I recently had the mortifying experience of looking back at my torts notes from 1L year.  In the section about apportioning damages, I wrote “Calculating Pure v. Modified Comparative Fault,” followed by approximately 20 question marks.  I know I am not the only law student to ever tense up at the sight of numbers, as I remember our torts professor had to explain this essential concept multiple times.  The importance of preventing nightclub fires somehow stuck with us, but advising our clients on the potential costs of litigation?  No thanks.

In recent years, there has been increased national dialogue about math education reform in our elementary and high schools.  According to the Wisconsin Center for Education Research, “‘Mathematics for all’ is a goal that has not yet been realized,” in part because the curriculum is “repetitive and lacks depth.”  In response to such flaws, one math education reform organization has sought to build “a completely new math curriculum with computer-based computation at its heart.”  Computerbasedmath.org eschews the traditional mode of teaching students through rote memorization of the steps to solving abstract problems (ie: factoring polynomials).  Instead, the organization suggests that, by allowing computers to handle the actual computing, students can focus on analyzing and understanding real-world math problems.  This month, Estonia became the first country to implement these ideas in building a new school statistics course.

This is essentially a shift in focus from the theoretical to the practical, which will better prepare students for the job market.  Working in a global economy involves assessment of financial risk and consumer patterns; the vast majority of employees do not need to know the steps for finding the volume of a cone.  Such reforms could also greatly benefit law students, who rarely need to do “hard math” calculations to serve their clients.  Lawyers need knowledge of, say, apportioning damages, rather than the steps of solving a quadratic equation.

I propose that, in the spirit of math education reform, law schools begin to include a mandatory “Practical Math for Lawyers” course in the 1L curriculum.  It will cover concepts such as billing, damages, and sentencing credit for criminal defendants (I bet that anyone who has spent time in a Tennessee jail can explain 2-for-1 credits better than any law student).  I only wish that this training had been available to me during law school…as a pass/fail class, of course.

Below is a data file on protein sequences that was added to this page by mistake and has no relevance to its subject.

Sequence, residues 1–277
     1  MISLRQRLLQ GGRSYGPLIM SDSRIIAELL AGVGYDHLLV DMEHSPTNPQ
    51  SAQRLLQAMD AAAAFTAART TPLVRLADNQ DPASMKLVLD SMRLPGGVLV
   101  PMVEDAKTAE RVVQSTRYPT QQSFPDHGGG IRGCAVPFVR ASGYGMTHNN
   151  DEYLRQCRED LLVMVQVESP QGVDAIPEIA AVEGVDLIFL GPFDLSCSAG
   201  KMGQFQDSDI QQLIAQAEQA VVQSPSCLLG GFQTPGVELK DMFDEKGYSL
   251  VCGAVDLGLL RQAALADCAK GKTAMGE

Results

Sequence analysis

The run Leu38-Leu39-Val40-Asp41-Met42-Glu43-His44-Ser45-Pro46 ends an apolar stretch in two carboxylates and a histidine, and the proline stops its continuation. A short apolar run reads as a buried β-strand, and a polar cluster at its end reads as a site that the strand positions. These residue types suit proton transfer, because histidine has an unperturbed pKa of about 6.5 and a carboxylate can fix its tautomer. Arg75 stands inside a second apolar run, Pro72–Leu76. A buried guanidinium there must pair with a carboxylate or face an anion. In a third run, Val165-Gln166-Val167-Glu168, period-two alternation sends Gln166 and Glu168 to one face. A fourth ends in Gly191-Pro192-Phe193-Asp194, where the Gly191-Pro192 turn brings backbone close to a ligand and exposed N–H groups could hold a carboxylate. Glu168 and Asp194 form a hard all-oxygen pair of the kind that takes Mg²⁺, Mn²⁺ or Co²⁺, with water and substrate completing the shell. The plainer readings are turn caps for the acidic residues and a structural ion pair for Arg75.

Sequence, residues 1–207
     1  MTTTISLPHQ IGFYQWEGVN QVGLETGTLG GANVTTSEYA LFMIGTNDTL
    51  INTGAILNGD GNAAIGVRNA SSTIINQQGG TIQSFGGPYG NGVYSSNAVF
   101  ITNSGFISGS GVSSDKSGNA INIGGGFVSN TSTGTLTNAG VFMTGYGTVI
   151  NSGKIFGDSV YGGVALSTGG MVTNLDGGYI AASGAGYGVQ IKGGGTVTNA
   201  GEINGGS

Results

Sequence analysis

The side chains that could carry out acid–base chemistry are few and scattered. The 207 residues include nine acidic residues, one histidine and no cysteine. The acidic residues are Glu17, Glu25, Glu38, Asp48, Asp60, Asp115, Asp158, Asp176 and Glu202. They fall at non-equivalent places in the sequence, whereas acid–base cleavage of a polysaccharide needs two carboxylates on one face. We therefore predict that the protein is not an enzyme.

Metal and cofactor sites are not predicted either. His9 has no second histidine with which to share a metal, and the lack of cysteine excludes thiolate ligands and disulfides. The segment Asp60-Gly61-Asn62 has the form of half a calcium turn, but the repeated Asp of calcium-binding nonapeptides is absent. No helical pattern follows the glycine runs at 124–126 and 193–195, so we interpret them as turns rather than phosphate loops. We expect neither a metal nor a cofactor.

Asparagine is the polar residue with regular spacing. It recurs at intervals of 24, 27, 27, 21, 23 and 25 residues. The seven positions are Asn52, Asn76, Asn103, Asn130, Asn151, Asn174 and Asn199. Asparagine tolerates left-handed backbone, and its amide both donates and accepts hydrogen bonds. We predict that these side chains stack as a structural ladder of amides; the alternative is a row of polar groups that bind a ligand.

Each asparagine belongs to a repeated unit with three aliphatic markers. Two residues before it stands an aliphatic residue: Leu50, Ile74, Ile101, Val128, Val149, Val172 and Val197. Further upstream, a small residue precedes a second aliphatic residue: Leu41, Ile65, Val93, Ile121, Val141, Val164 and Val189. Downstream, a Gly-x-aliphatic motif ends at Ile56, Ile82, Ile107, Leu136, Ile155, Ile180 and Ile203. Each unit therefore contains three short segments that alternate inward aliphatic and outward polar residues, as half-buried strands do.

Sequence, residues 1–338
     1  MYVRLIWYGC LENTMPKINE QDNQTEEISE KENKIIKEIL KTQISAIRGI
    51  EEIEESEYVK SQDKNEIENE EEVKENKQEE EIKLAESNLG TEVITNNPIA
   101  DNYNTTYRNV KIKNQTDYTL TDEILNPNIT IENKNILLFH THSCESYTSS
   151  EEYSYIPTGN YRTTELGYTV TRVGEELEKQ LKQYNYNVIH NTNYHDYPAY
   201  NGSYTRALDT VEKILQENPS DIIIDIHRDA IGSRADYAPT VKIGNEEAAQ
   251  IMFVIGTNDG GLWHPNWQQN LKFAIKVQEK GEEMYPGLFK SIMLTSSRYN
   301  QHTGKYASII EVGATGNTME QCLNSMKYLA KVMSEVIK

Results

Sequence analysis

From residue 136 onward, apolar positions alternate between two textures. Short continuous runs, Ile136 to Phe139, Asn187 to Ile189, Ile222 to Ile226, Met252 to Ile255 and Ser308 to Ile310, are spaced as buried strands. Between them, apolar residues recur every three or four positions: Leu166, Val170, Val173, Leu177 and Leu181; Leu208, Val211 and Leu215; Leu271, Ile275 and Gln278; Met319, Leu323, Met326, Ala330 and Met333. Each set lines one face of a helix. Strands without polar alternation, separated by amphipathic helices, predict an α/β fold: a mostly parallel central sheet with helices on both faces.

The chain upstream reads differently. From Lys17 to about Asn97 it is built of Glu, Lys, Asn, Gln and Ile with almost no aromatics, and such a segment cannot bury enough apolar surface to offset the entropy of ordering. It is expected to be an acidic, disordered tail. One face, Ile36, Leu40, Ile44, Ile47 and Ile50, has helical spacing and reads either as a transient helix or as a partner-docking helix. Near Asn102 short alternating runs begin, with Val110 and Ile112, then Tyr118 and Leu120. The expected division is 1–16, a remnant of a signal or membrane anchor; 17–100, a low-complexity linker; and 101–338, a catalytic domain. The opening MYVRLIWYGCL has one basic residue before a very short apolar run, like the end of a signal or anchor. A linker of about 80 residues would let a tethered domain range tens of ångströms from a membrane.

Joanna Collins

Image Source

Tagged with:

4 Responses to Don’t Make Me Do Math!

  1. Cal Albritton says:

    [-b +or- (the square root of {b squared - 4ac})]/2a

    I feel accomplished.

  2. Amanda Nguyen says:

    Though I am not particularly uncomfortable with Math, I hadn’t had any requirements since Freshman year of college. Getting back into the hang of things was a little rough, especially given the fact that I was in the same sections as math whizzes like Ms. Patel and Ms. Frankrone.

    I think a course like “Practical Math for Lawyers” makes a lot of sense. But beyond that, college students considering law should be advised to take basic Economics. Though I eventually caught up, both Torts and Corporations were a little more work since I hadn’t had my Math hat on in a while.

    Great piece, Joanna!

  3. Erin Frankrone says:

    Math is one of my favorite subjects, but I understand it doesn’t come naturally for everyone. That said, I feel there is a real danger in shifting away from mathematical theory at the early stages of education on so many levels.

    First, theory is harder is pick up later if you really on calculators and computers when you first lean the material. Tools like computers and calculators are only helpful if the user theoretically understands the inputs and outputs. It’s like telling someone that they only need a tool box to build a house–they also need an understanding of architecture. So it is with math. In order to face real-world problems, you have to understand theory so you can build appropriate models, understand the calculations they yield, and adjust computations to represent what is happening. Calculators and computers are meant to avoid tedious calculations, not to avoid theoretical understanding.

    Second, US students are already losing their competitiveness in math and sciences. Downplaying mathematical theory will continue this trend.

    Third, other disciplies, like law, really need math theory. “Practical” math for lawyers is really a great idea, but the practical math lawyers need is acutally theory-based. Consdier statistical evidence, for example. Statiscally numbers are meaningless if lawyers can’t understand the significane of different features of the calculations when building there case.

  4. Sonal Patel says:

    Wonderful post and title Joanna! (Although, I do love math…)

    Your statement “This is essentially a shift in focus from the theoretical to the practical, which will better prepare students for the job market” made me think of the shift in our economy from a heavy manufacturing industry to more of a service-based industry. Schools used to train people to do the same task over and over again in order to prepare them for factory work. For example, making students do monotonous math problems over and over again taught them discipline and consistency. However, as our economy has drastically changed, we seek more of an entrepreneurial spirit from the upcoming generations. I’m interested to see some case studies of how this new learning style affects people who enter the workforce after school.